understand what happened in the book.
2. Middle: We are going to go through a book that we read yesterday, The Dot by Peter
H.Reynolds, and go through the details of the book using our “retelling hand”. Show the
students that the hand is labeled Setting, Characters, Problem, Events, and Solution and
show the worksheet with these labeled sections. Each student will have their own “hand”
for this demonstration.
3. Explain to the students that this hand will help us to recall events from the story so we
can retell what events took place.
4. Going through the book The Dot, I am going to stop when I see something that will
answer one of the fingers on my hand.
5. Read page one, stop at Vashti, explain that Vashti is a character so I am going to write
that on my worksheet under characters. “I do”
6. Repeat this on page two when the teacher is introduced.
7. Ask the students to look at their hands, ask what else we already know that we can fill in.
8. Once setting is introduced, write school as the setting. “We do”
9. Keep reading the story, repeat for when the problem is introduced, discuss and write it
10. Finish the book.
11. Tell the students to turn and talk to their reading partner and discuss the remaining
fingers on the hand.”You do together”
12. After 2 minutes, bring their attention back and ask for volunteers to share the events and
solutions they came up with with their partners and write it down on the sheet.
13. End: Read over all the answers on the worksheet the class came up with while using
the hand. Tell students they will be doing this on their own with one of their independent
reading books in their collection. “You do independently”
14. Hand out worksheets and send students to their seats to complete.

Differentiation/ Extension:
For those reading below grade level, the hand will really help students to visualize the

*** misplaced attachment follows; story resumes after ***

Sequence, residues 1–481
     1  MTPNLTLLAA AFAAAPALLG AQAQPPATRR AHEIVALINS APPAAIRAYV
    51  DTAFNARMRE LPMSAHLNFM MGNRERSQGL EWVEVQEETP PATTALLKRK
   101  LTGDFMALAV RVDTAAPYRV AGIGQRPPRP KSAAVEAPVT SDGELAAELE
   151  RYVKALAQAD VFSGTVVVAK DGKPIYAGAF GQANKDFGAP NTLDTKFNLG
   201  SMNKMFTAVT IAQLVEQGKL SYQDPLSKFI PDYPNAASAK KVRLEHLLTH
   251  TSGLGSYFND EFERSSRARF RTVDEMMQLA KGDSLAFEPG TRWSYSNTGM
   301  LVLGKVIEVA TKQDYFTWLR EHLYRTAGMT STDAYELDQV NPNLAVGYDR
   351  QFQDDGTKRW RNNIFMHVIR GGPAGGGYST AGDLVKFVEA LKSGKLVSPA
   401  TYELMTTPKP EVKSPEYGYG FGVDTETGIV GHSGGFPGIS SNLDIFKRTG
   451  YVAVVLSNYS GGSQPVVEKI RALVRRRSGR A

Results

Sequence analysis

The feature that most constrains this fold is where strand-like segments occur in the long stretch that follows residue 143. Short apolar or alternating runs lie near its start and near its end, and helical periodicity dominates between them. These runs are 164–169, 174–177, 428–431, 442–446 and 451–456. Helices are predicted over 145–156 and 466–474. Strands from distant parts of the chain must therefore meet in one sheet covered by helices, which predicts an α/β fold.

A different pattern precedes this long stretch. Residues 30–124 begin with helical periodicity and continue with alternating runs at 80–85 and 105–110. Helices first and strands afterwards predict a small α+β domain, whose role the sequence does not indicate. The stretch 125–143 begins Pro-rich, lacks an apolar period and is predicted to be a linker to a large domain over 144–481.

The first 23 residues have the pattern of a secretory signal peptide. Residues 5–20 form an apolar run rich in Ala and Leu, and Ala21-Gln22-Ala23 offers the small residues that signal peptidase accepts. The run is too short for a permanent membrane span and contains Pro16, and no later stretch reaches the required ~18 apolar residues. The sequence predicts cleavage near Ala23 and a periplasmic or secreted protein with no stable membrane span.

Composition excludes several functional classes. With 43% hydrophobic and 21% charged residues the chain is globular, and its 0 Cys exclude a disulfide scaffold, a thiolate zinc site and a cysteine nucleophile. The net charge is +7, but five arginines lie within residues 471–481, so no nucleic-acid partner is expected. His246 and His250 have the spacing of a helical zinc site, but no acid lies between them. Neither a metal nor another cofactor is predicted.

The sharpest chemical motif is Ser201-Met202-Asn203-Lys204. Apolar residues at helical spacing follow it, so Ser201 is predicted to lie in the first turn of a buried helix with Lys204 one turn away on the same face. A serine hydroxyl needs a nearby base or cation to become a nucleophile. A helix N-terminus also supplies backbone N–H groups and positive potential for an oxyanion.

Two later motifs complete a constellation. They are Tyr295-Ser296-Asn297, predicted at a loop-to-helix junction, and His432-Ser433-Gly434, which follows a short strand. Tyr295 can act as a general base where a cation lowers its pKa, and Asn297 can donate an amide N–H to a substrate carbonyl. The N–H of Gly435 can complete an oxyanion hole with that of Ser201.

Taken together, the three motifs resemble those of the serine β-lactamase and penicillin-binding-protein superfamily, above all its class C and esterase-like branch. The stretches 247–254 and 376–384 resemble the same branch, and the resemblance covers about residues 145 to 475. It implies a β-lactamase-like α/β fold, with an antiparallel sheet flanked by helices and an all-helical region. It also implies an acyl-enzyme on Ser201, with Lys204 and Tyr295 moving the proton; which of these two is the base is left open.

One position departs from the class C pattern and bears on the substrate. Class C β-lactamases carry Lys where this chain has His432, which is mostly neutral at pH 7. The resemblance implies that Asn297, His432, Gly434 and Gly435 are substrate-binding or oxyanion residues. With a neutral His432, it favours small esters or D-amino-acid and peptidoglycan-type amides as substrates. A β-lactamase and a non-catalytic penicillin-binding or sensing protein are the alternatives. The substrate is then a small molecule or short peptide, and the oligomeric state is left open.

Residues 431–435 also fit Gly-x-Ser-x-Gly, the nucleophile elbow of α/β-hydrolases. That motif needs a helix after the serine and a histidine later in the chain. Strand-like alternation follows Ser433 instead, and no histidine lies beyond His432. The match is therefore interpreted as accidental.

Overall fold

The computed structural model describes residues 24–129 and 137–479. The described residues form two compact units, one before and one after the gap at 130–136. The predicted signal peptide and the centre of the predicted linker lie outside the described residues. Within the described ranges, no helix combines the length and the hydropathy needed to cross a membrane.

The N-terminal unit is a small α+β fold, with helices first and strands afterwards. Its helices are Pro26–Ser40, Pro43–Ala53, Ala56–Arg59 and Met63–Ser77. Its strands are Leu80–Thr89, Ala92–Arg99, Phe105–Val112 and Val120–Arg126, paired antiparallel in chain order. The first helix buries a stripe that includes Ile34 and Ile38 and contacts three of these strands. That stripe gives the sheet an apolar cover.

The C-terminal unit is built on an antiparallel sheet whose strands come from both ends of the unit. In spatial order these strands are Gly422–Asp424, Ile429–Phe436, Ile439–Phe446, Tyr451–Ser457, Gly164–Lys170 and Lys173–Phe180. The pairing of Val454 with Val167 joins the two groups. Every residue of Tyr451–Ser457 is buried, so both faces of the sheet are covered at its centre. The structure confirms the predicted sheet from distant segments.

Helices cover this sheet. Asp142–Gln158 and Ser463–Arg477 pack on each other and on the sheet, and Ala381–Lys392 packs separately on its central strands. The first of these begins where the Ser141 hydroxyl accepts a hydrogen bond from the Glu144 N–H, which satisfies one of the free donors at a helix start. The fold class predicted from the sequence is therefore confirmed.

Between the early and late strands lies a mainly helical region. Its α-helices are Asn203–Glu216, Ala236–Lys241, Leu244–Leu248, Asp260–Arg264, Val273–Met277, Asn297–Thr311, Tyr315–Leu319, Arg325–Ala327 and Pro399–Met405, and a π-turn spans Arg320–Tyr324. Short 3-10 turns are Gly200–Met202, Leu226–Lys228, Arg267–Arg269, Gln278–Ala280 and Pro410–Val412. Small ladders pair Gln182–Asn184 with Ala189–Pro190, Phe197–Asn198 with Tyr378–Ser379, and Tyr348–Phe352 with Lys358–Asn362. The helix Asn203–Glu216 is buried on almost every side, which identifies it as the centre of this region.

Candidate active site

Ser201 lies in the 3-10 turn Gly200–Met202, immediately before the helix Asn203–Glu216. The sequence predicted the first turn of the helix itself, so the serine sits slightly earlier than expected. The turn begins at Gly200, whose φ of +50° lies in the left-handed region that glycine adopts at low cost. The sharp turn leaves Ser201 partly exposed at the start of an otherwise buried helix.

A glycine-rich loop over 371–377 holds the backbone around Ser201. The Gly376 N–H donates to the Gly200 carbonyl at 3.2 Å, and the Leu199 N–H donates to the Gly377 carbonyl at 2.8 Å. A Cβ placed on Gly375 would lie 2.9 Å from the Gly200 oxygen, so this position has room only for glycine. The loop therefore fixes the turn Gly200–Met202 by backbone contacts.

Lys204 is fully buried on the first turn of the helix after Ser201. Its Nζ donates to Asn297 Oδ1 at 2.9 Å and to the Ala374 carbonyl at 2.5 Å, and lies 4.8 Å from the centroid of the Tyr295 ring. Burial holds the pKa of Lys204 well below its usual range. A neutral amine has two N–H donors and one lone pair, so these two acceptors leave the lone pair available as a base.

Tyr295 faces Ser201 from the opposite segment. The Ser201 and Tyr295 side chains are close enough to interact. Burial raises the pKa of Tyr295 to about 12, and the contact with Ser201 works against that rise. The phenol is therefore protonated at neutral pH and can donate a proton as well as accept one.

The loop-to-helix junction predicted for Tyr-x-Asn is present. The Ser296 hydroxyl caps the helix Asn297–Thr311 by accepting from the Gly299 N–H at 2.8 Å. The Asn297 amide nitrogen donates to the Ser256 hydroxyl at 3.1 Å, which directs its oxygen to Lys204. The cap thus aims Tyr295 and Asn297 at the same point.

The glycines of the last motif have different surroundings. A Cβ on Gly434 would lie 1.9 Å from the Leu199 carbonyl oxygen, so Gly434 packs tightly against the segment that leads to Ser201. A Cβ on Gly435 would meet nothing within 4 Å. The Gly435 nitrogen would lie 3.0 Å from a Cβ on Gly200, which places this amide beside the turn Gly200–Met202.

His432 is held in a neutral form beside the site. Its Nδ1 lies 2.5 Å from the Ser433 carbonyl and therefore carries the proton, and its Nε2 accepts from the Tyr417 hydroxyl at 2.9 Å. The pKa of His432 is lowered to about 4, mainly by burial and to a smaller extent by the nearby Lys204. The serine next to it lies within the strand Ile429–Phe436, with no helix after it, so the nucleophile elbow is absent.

exact details they need to recall in order to show they have comprehended the story. This
activity is effective for all levels because they get to use a book on their own level, being that
this is an independent assignment. Some students in this class, however, still have difficulties
focusing while reading books, so they may use the ipads and headphones to listen to a book on
tape, pausing it to write down their thoughts. This will allow students to get their thoughts out on
paper without having to delay for reading time.

By looking at their finished products, the teacher will be able to analyze their abilities
based on what they have written. The worksheet the students will be completing has all the
same titles as the hand, so their responses should directly match one another. If students are
able to accurately recall the details from the story on the fingers of their retelling hand, then the
lesson was successful. If students are having trouble retelling the events they read about, future
lessons will include identifying problems and solutions.

Students may have difficulty retelling events in the story due to simply reading through
the words without actually paying attention to what the words are saying. The hand will help with
the visualization of the details needed to accurately retell a story. I anticipate students playing
with the hand or not taking it seriously and the teacher will have to establish rules, which will just
have to come with classroom management. The only other challenge I anticipate would be if
they have trouble keeping up with the book while writing details. Sometimes students feel they
need to start over if they stop for a minute or two, and this is a habit they will hopefully outgrow
when they can retell the story without having to refer back to the hand.